Kentucky State Auditor Adam Edelen is marking his first 100 days in office with the unveiling of a new online resource to allow the public to anonymously report suspected fraud and waste. SAFE-house is a new feature that gives citizens the ability to provide the auditor’s office with information and submit documents electronically. State inspectors already provide the public with a telephone hotline to report allegations of misuse of taxpayer dollars, but the office has lacked several updated technologies.
Edelen says he ordered the overhaul of the website to help his office catch more claims of abuse.
“The old system we had was simply outdated and it relied upon phones and faxes. And what we need is a current system, one that is contemporary, one that uses all the tools of the modern era to make sure that the people of Kentucky who want to be citizen-auditors have technologies in place that enable them to play that role,” he says.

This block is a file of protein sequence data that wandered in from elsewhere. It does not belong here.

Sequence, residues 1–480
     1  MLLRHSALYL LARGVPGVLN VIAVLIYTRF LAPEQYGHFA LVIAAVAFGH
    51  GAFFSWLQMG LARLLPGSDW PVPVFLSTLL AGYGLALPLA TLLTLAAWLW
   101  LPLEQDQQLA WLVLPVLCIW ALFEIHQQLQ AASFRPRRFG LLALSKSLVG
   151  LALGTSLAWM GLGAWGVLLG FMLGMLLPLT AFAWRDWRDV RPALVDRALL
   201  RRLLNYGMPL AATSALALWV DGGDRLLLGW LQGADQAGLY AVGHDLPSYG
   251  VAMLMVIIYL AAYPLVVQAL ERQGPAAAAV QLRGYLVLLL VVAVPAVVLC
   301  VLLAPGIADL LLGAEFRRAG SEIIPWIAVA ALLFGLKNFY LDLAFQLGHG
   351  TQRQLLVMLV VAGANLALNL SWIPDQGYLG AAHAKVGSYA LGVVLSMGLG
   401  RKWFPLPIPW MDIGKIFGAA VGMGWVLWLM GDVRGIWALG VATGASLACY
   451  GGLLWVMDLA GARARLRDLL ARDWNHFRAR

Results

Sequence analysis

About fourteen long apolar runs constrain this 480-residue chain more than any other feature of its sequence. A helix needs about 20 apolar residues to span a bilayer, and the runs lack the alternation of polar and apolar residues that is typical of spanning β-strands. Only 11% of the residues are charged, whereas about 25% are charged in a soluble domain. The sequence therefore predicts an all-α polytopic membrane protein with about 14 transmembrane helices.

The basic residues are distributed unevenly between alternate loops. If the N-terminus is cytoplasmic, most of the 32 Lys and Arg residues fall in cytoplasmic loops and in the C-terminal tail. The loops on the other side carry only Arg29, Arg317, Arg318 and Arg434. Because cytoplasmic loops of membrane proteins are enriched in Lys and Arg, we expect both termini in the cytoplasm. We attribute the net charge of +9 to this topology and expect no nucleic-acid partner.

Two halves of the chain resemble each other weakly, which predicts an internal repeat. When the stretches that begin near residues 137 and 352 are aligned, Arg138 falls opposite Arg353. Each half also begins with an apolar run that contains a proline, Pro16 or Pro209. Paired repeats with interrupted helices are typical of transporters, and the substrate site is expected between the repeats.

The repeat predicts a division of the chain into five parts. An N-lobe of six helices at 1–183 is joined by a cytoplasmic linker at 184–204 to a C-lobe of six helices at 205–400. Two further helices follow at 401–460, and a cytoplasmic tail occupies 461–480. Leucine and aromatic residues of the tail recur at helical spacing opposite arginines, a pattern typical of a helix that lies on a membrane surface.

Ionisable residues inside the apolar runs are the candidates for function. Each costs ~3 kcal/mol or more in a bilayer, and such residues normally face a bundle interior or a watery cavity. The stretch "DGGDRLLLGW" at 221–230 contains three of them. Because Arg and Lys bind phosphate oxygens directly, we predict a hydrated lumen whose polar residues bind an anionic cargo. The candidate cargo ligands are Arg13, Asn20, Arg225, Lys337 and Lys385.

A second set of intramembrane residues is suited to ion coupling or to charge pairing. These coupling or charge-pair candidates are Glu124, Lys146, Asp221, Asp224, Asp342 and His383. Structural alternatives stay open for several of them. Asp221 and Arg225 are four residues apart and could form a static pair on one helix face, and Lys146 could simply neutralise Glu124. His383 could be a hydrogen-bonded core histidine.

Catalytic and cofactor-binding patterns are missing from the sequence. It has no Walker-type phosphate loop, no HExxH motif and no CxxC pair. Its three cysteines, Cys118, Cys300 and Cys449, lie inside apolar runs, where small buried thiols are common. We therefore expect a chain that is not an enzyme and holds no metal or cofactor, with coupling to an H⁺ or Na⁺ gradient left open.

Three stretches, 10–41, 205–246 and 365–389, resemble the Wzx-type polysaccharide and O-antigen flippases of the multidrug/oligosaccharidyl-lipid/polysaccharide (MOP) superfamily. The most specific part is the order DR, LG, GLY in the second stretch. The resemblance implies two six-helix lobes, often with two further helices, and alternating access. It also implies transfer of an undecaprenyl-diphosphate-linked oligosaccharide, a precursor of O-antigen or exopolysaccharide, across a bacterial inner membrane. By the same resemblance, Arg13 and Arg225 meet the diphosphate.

Since taking office, Edelen has made 10 recommendations to improve the state’s new Medicaid managed care program, issued a two-part statewide audit report and launched a special examination into the Department of Agriculture—which was called by Commissioner James Comer earlier this year.
The examination of state government, for instance, contained dozens of findings and noted more than $411,000 in questionable costs, including nine significant deficiencies in the Cabinet for Health and Family Services, concerns with reporting time in the Kentucky State Police and improper fees incurred by the Department of Military Affairs.
Edelen says he wants to empower “citizen-auditors” and the website has been updated to be more user-friendly for the public, media and CPA firms that perform county audits.
“I have a vision for making the Kentucky auditor’s office the most aggressive, independent and modern taxpayer watchdog in the country. And I think implementing this new digital safe house and modernizing our website take us a long way down the road to meeting that goal,” he says.
The auditor’s office says it paid $930 to revamp the website rendered from the Office of Creative Services.